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Saturday, March 09, 2013

The Pervasiveness of Plagiarism

By Nicholas Stix

I was recently peeved to see a popular blogger make a point of crediting one of his readers with coining a phrase that he had to know had come from me, regarding blacks’ toxic levels of self-esteem.

This is a widespread problem much older than the Web: People giving their cronies credit for other people’s work. For instance, I once saw someone credit Daniel Patrick Moynihan, who really was brilliant, with an insight that had come from German political theorist Hermann Heller in 1931 (in “Rechtstaat oder Diktatur?”—“Rule of Law or Dictatorship?”), when Moynihan would have barely been out of diapers: That the more liberty or “human rights” a people enjoy, the more likely they are to denounce their government as unjust.

But plagiarism may be even more pervasive today, in spite of the Web.

During the 1990s, when I taught college, I quickly learned that I could not assign traditional term papers, or indeed, any class papers not written in class under my watchful eye. The first time I did that, I had a mediocre white kid in a community college Intro to Philosophy class bring in a term paper on Plato’s Republic that was so exquisitely written and argued that it made the 52-page Ph.D. seminar paper I had written on the same topic six years earlier look Bush League.

That was the last time I did that.

I don’t know about bloggers, because the ones I read are mostly rightwing reprobates who quote their sources at length, but plagiarism in the MSM is increasingly becoming SOP.

In 2004, when AP “reporter” Tom Hays launched his “Boosgate” report, at least one reporter for another wire service plagiarized Hays’ hoax, which thus reached millions of people.

Hays had manufactured a story, whereby Republican voters at a Bush rally, upon hearing Pres. Bush say that Pres. Clinton was sick, booed Clinton. I’m not naming the other guy for purely capricious reasons. We then had a long telephone conversation, in which he came off to me as a good egg, in spite of his plagiary. He didn’t even seem to realize that he had done anything wrong.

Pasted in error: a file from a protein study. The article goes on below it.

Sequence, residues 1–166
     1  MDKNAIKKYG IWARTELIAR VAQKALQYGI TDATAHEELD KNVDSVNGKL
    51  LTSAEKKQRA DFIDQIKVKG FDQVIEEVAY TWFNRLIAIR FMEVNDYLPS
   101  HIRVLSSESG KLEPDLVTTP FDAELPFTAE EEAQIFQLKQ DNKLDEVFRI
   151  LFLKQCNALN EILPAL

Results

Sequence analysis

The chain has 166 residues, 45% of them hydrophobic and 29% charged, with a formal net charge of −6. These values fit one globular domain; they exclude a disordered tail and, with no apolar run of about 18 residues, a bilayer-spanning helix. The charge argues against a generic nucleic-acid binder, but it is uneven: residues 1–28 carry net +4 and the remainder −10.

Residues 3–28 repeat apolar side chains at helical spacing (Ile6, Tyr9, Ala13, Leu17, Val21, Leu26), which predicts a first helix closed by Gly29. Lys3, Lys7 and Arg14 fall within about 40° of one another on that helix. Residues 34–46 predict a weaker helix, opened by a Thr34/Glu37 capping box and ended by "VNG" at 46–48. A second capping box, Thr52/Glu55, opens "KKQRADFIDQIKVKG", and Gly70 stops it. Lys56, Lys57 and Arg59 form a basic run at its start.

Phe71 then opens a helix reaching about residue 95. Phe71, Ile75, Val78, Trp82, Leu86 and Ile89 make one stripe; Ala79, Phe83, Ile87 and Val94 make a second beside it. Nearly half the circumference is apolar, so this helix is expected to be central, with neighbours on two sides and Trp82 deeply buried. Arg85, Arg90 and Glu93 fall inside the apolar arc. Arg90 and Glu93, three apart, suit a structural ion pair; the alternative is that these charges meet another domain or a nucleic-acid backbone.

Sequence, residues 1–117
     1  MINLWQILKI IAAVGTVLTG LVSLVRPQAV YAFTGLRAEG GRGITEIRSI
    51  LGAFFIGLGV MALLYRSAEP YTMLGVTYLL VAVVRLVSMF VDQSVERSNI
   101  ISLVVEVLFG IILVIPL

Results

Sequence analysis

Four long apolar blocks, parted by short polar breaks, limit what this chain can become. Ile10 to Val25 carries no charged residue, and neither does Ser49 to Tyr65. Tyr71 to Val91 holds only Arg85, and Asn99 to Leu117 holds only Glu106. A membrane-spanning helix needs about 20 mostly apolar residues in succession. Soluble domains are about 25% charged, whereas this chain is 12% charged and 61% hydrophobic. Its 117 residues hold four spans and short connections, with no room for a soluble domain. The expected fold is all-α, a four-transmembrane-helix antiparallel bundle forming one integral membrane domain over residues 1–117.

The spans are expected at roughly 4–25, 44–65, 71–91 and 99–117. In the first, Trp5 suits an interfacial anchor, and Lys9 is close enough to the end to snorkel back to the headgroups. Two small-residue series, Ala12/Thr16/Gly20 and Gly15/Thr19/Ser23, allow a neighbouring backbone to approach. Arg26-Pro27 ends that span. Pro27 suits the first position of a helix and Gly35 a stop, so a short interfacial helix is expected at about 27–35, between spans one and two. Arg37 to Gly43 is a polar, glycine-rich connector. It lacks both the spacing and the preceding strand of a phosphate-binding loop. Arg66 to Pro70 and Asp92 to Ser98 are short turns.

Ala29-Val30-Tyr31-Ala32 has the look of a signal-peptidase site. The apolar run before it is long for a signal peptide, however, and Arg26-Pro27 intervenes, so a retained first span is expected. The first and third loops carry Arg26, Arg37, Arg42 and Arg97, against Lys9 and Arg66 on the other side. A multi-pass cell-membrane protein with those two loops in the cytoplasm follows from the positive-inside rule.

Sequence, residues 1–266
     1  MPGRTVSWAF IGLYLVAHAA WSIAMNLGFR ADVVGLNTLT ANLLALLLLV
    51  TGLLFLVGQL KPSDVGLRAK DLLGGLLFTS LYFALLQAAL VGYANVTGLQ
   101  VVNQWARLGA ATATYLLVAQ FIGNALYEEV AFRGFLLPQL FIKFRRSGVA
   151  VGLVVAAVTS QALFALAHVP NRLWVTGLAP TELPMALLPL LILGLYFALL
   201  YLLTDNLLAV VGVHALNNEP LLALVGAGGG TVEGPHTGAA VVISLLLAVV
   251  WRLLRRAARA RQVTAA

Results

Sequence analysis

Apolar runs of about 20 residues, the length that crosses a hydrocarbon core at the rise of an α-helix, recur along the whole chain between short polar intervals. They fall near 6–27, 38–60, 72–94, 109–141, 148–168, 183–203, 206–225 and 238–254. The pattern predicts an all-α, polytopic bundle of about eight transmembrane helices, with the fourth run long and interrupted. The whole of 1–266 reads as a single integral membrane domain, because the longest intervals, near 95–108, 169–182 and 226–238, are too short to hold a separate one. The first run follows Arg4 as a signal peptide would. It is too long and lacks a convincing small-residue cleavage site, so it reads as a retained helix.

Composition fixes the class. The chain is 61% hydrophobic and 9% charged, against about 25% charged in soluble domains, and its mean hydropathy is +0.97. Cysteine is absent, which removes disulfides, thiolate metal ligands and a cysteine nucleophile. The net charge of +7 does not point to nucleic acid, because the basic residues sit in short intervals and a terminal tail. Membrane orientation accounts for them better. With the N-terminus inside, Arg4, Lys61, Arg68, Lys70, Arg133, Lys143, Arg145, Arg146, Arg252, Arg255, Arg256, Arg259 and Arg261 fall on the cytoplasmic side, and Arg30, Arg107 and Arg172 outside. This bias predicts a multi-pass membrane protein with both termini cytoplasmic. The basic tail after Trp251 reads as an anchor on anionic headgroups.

On January 9, 2009, I interviewed the AP’s reporter for race and ethnicity, Jesse Washington, for a big story I never got around to finishing, on the just concluded presidential election.

(In July, 2008, Washington had been named to replace Erin Texeira, who had suddenly resigned, without explanation, in March of that year. Texeira had filed some very suspicious stories over the years, which I had heavily criticized. One was in support of the Duke Rape Hoax. Texeira ludicrously claimed that black women complained of being constantly sexually harassed by white men in a manner that sounded like the way all too many black men, but virtually no white men typically act around black women. Another was about black high school students terrorizing East Asian students in Bensonhurst, Brooklyn, which she twisted, to make it seem as though the perpetrators were white. A third story purported to interview a large black man, who complained that black men in the work world must constantly inhibit themselves, in order to put racist whites at ease. She also dishonestly sought to make it seem as though support for yet more black reparations were gaining strength.)

In the course of our conversation, the issue of plagiarism came up.

NS: (Laughs) So, the thing is, I mean, first of all, I do like to contact reporters, so I can say that, “This reporter told me that he saw it with his own two eyes,” rather than me just—you know and, so many people, it’s not just the Internet—so many people just plagiarize.

JW: Yeah they just …

NS: In fact, I saw an article in a London paper, a major London paper, that totally plagiarized your article [the offender was Hannah Strange, in the Times of London; Strange, indeed].

JW: Oh, yeah, that happens all the time.

NS: And I couldn’t believe it, though.

JW: You’re calling from New York?

NS: What?

JW: You’re calling from New York?

NS: Yeah.

JW: The New York Post and the Daily News do it every single day.

NS: Oh, my God!

JW: Every single day.

NS: And they don’t say, “Compiled with AP reports,” or ..?

JW: Not at all.

NS: Oh, my God.

JW: (Laughing) But, you know, that’s what they pay us for. So, so be it.
* * *
Technology cannot compensate for moral breakdown.

2 comments:

Kathy Shaidle said...

I hope that wasn't me -- was it? Because I posted something on that topic recently. Let me know -- and sorry in advance!!

Nicholas said...

No, no, Kathy. It was Larry Auster.